Ethically unacceptable

A. Srinivas | Updated on March 12, 2018 Published on October 12, 2012



Once you have seen one redwood, you have seen them all.

Ronald Reagan

The former US President’s contempt for the environment was legendary, but one would have imagined governments to have turned wiser since then. But Finance Minister P. Chidambaram betrays no such awareness. His proposal to set up a National Investment Board (NIB) for fast-tracking clearances of projects above Rs 1,000 crore, and ensuring that such nuisances as environment clearances do not hold them up is, as Environment Minister Jayanthi Natarajan puts it in her letter to the Prime Minister, “unconstitutional”.

Shorn of procedural quibble, the NIB will breathe down the necks of the ministries concerned to clear projects at the earliest, in the process preventing them from exercising due diligence — an issue that has been flagged by both Jayanthi Natarajan and Tribal Affairs Minister Kishore Chandra Deo. Such an approach to promoting industrial activity is unethical, if not illegal.

The NIB is an unethical idea because it privileges the rights of large industry over project-affected people (PAP). Hence, the latter may not get their chance to express their views at a public hearing, as pointed out by Jayanthi Natarajan, only so that industry can obtain clearances quickly — and have the project sanctioned on its terms.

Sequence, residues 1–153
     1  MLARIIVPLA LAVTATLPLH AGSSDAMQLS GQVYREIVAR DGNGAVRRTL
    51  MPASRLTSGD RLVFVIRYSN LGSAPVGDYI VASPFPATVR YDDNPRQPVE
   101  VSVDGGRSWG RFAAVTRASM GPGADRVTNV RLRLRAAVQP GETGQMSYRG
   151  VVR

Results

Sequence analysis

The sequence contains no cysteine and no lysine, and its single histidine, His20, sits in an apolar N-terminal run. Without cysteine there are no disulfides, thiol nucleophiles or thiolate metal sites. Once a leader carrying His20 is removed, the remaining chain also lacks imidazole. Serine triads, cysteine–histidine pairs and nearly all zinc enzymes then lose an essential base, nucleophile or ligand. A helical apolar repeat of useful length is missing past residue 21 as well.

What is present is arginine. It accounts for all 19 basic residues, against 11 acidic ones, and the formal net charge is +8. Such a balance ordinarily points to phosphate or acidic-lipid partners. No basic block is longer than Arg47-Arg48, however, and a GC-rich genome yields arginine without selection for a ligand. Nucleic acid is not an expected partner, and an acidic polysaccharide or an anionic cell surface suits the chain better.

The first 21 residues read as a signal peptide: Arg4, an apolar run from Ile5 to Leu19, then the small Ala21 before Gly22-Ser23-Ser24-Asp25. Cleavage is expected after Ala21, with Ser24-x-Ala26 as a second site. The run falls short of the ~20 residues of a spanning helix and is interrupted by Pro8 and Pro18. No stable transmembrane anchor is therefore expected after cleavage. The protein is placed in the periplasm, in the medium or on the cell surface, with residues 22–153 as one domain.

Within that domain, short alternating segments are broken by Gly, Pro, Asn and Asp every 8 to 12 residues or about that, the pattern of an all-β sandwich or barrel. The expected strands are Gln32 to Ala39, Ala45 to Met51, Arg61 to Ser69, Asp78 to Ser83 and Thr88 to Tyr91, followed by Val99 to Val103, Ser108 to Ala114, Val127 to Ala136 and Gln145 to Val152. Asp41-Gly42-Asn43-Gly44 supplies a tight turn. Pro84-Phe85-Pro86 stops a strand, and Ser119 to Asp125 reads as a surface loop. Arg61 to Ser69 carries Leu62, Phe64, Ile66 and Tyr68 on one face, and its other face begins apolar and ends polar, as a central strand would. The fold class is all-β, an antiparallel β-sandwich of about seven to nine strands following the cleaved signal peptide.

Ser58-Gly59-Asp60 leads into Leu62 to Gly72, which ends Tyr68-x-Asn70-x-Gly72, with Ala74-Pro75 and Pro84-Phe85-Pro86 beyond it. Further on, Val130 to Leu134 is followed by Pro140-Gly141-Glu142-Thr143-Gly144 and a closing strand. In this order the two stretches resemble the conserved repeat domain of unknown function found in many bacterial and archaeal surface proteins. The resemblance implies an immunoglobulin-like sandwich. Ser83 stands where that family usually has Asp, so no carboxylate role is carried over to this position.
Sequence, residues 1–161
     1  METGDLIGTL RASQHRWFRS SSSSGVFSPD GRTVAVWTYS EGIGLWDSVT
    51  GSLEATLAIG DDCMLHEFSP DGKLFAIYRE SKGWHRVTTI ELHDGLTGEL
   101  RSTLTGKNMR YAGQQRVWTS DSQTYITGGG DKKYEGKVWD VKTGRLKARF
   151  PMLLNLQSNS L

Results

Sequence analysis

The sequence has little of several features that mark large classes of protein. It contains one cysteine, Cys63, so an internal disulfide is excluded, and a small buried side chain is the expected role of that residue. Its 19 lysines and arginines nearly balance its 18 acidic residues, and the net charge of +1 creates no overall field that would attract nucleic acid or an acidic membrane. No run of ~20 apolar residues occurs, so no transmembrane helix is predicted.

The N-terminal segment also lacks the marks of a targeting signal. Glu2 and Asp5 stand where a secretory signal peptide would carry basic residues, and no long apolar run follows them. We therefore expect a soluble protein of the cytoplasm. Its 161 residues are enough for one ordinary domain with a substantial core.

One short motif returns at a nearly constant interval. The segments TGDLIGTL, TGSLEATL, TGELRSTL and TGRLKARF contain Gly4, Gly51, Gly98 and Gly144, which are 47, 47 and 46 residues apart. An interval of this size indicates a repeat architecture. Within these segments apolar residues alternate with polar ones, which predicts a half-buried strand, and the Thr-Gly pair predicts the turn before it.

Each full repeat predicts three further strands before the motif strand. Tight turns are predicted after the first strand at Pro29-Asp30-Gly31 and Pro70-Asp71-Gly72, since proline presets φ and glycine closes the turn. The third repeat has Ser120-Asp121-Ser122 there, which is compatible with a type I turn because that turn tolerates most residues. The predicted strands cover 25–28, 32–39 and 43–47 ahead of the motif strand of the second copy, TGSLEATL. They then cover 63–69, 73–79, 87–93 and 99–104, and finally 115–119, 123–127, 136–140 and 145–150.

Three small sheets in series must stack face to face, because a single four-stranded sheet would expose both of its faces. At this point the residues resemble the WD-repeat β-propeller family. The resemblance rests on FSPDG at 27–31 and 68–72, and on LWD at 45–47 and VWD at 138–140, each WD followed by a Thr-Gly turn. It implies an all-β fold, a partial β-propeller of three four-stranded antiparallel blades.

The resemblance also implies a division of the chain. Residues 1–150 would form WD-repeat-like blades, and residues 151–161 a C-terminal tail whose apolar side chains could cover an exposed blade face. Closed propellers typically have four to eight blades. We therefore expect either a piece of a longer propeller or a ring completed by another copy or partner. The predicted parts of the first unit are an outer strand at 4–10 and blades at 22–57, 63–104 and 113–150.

Obstacles to growth

The NIB mindset is one that views not just environmental obligations, but compensation to PAP and providing legally-mandated rights to workers, as obstacles to “growth”. The neglect of these obligations is violative of Articles 19 and 21 of the Constitution. The mining excesses in Goa and Karnataka have shown what unregulated business activity can lead to. Yet, ‘light-touch’ (read zero) regulation seems to be the abiding theology.

The attempt at overriding the Ministries concerned raises not just issues of accountability to Parliament, as pointed out by Jayanthi Natarajan, but also smacks of regulatory capture. That NIB could be conceived after Coalgate, Karnataka and Goa confirms that the government is unwilling to improve on the existing, woefully imperfect checks and balances. In fact, it is inclined to dismantle even what exists — such seems to be the pressure from the ‘policy paralysis’ brigade. If industry wants to set up large projects, it must be prepared to foot a higher bill for social and environmental factors.

Ironically, the NIB debate coincides with the ongoing UN biodiversity meet in Hyderabad. A country that is dead against sustainable development at home will take over from Japan as the global boss of biodiversity conservation.

Also read: >Necessary for growth

Published on October 12, 2012
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